Mar 26th
Reply (1)

BUD 60

Thank You, Very interesting.

Jan 2nd

Samuel Price

great comments from Kara

Nov 18th

Golden boy

The annoying music beds

Jun 17th

A.K. Ferrara

Such an enlightening conversation on so many levels! Thank you.

May 26th

Lydia Nickerson

I really liked this episode, and I understand why you set aside the anti-capitalist argument, but for nuclear power, it really is the elephant in the room. All the documented nuclear power plant failures have been the result of cost saving measures colliding with poor working conditions. I'm fine with nuclear power as a concept, but without significant labor improvements, and regulation that is not sensitive to the needs of capital, it is dangerous. That is true of coal and oil and hydro, too. I don't see how the energy problem can be solved in end stage capitalism.

Mar 29th
Reply (3)


this is a great

Mar 6th

andrew omititi

mbn bbn M.

Jan 4th

Midnight Rambler

what a retard this guy is

Apr 5th
Reply (2)

Ed Potter

Chris, brilliant choice. I've heard John McWhorter in 5 minute blocks for 10 or 15 years! I appreciate the discussion you had with him so much!

Mar 30th

Johnny Hedlund

Chris. I am with you on most issues. This podcast really came off as quite snobby. I really appreciate Michelle's reporting and writing as well. Frankly, I fail to see a mask less rose garden gathering any differently from what Michelle described. The "middle" I would imagine (not really imagining), would not "understand", given stances publicly taken. I can hear people that I hang with....."can't bake bread? google it!". It's insulting to those of us who are not part of the intelligentsia. This is not a slam. It is only meant as a piece of advice I guess (which could be interpreted as snobby😋).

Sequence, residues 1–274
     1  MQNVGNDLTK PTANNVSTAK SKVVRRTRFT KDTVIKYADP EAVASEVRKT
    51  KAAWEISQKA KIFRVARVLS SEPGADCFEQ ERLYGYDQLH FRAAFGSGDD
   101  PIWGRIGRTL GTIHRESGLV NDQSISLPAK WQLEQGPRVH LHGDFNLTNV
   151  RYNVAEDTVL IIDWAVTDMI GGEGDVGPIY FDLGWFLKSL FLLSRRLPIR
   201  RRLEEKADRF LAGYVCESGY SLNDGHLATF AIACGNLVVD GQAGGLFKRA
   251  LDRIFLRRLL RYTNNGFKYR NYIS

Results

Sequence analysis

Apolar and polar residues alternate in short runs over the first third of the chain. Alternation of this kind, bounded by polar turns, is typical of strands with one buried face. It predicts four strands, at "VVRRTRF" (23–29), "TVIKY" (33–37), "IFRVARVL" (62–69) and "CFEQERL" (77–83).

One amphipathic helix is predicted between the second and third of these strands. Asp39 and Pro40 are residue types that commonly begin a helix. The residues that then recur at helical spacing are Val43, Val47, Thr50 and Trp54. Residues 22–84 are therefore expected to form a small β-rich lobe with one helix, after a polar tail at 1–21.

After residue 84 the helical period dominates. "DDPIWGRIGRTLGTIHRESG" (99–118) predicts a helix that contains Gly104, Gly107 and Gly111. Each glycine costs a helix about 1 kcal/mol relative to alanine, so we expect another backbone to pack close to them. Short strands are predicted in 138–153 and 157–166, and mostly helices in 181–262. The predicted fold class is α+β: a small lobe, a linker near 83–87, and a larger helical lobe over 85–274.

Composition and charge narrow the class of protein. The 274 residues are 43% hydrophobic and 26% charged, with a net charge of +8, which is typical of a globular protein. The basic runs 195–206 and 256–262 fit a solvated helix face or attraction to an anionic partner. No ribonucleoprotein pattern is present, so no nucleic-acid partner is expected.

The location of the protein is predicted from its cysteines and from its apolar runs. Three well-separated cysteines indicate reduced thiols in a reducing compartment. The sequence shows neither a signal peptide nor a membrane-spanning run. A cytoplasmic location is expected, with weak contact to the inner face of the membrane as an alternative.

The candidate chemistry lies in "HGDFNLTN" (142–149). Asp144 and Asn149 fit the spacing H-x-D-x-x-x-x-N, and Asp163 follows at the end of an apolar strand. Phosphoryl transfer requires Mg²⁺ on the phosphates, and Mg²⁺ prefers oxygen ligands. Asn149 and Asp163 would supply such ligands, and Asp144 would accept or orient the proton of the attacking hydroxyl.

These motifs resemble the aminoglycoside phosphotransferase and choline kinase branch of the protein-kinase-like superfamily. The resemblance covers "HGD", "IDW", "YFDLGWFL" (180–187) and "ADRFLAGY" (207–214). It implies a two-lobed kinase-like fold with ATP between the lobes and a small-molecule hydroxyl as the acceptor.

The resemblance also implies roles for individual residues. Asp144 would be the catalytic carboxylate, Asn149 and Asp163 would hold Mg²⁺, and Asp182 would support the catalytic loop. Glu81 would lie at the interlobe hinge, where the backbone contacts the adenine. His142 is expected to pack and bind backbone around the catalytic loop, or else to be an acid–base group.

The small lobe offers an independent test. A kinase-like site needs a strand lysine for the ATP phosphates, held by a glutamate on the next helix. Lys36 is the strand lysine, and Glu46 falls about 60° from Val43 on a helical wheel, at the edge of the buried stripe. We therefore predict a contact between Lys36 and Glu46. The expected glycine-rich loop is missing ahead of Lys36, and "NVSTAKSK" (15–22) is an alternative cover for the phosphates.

Mar 13th

Tracy Dennis

This was such a refreshing and thought-provoking interview. I'm going to listen more than once, for sure. Great work, Chris!

Mar 9th

Rebecca Bennett

"Prosumer" ⚡🎸

Feb 24th

Diane Neglia

What is the name of the rule that they got rid of that allowed the filibuster? Because instead of writing my senators to get rid of the filibuster, maybe we write them to reinstate the original rule.

Feb 14th


Sneak preview of the next few episodes! Episode 153: Still obsessed with Trump. Episode 154: Still obsessed with Trump. Episode 155: ^^

Jan 22nd

Philly Burbs

Excellent story. I think you are an excellent host. This story would have been helpful to be aired on TV weeks before the election. Why do we have to listen to podcasts to hear actual news? Why do most cable news shows repeat the same story/tweet verbatim, 24/7 with different faces? Why does cable news air opinions, not facts 80% of the time? Viewers think they are facts because the show has NEWS in its title. Some guests are paid lobbyists, not educated professionals in whatever field they are talking about. That's how the deniers of climate change started. Paid Lobbyists appearing as professionals on the "News". I have wasted years of my life watching the cable version of "The View" called the News. Can anything be done about it? We now have conspiracy-mongering ripping our country apart, calling themselves " News, " in actually they are an easy way for the people involved to make millions/billions. Greed. I believe in freedom of speech. Our "real news" must be protected. I believe some news shows should not be allowed to call themselves news stations, rather Opinion TV. What do you think? Would love a series on TV on this topic.

Jan 6th
Reply (3)

Karin Mazaki

My mom worked for the classified section of a local Chicago paper. I know, double death. I don't think classified ads are necessary in a major city paper but the local news is. Lerner Newspapers helped to inform the locals about what the alderman was up to. About crime and local events. It was part of community organizing. If you look up the story about Warren Park in Rogers Park in the 70's, you will understand what it really means for a whole community to come together. I'm sure the local paper had something to say about it.

Dec 8th


Chris. No one notices any diffence in sound quality but you:). Just keep speaking truth!

Oct 28th

Renee Oliver

Great podcast! Thank you.

Oct 17th


I keep hoping that QAon is just an elaborate joke created by the actor John DeLance who is best known for playing the character Q on Star Trek and he's just doing this to troll the right. I don't think it is.

Oct 3rd